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Quartz

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Quartz Silicon dioxide
SiO2

Quartz is the most abundant and most common mineral on the Earth. It is found in almost every geological environment and also it is at least a component of almost every rock type. It has a hexagonal crystal structure and is made of trigonal crystallized silica. It is most varied in terms of varieties, colors and forms.

The most important distinction between the types of quartz is that one is of macrocrystalline, which is individual crystal visible to the unaided eye, and the other is microcrystalline or cryptodrystalline varieties, aggregates of crysstals visible only under high magnification. Chalcedony is the generic term for cryptocrystalline quartz. The transparent variety tends to be macrocrystalline and the cryptocrystalline varieties are either translucent or mostly opaque.

The name "quartz" has been derived from the German "Quarz," a Slavic origin. It is the most common material identified as mystical substance maban in the Australian Aboriginal mythology. Pliny the Elder, a Roman naturalist believed quartz to be a permanently frozen ice. According to him, quartz is found near glaciers in the Alps and that the crystals of quartz were fashioned into spheres to cool the hands. It was also known to him the ability of quartz to split light into a spectrum.

Nicolas Steno's study of quartz made way for the modern crystallography. His discovery states that no matter how distorted a quartz crystal is, the long prism faces always made a perfect 60 degree angle.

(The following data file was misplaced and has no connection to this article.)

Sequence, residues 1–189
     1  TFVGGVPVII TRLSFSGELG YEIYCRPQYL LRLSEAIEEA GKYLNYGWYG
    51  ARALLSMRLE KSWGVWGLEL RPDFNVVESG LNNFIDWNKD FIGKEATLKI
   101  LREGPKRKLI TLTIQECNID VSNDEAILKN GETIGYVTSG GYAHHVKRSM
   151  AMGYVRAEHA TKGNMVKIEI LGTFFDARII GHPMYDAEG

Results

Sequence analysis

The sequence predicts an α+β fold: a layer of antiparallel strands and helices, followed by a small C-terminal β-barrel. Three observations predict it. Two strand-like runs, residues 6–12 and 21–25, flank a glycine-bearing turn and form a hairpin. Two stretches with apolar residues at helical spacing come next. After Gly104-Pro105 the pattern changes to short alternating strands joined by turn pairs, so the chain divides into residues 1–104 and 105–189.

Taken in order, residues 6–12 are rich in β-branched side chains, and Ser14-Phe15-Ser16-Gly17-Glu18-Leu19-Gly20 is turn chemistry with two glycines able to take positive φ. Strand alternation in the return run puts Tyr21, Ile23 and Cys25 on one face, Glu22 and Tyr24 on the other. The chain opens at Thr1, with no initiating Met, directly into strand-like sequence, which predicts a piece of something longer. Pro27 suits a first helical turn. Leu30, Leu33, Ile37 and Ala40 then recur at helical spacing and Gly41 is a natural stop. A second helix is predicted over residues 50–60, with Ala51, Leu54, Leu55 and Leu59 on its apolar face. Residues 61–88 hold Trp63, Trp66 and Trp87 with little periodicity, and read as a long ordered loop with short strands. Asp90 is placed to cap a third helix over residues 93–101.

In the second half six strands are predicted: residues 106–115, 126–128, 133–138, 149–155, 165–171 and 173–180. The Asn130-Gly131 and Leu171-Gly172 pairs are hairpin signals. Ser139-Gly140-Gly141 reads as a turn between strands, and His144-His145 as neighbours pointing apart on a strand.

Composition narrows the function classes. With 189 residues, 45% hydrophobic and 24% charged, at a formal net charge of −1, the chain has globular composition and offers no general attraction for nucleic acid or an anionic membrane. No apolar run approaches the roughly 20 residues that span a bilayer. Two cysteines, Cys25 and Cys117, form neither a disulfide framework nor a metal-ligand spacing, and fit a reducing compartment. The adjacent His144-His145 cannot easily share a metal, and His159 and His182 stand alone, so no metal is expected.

Physical Properties of Quartz

Color Clear (in pure form)
Crystal habit 6-sided prism ending in 6-sided pyramid (typical)
Crystal system Trigonal
Cleavage None
Fracture Conchoidal
Mohs scale hardness 7 - lower in impure varieties
Luster Vitreous
Refractive index 1.544-1.553 - Dr +0.009 (B-G interval)
Streak White
Specific gravity 2.65 constant; variable in impure varieties
Melting point 1650 (±75) °C
Boiling point 2230 °C
Solubility H2O insoluble

Molecular Weight of Quartz

Silicon 46.74% (Si) 100.00% (SiO2)
Oxygen 53.26% (O)
100.00% 100.00% = Total Oxide

Major Varieties of Quartz

Chalcedony - Any of the cryptocrystalline quartz, although usually only used for white or lightly colored material.

Agate - Banded Chalcedony, translucent.

Onyx - Agate, where bands are straight, parallel and also consistent in size.

Jasper - Opaque chalcedony, impure.

Aventurine - Translucent chalcedony with a smaller inclusions (generally mica), which shimmer.

Tiger's Eye - Fibrous quartz, exhibiting chatoyancy.

Rock Crystal - Clear, colorless.

Ruby Quartz - Crimson glass-like crystal that absorbs vast amounts of solar energy.

Amethyst - Purple, transparent.

Citrine - Yellow to reddish orange, greenish yellow.

Rose Quartz - Pink, translucent, might display diasterism.

Milk Quartz or Snow Quartz - White, translucent to opaque, may display diasterism.

Smoky Quartz - Brown, transparent.

Morion - Dark-brown, opaque.

Carnelian - Reddish orange chalcedony, translucent.

Uses of Quartz

Occurrences of Quartz

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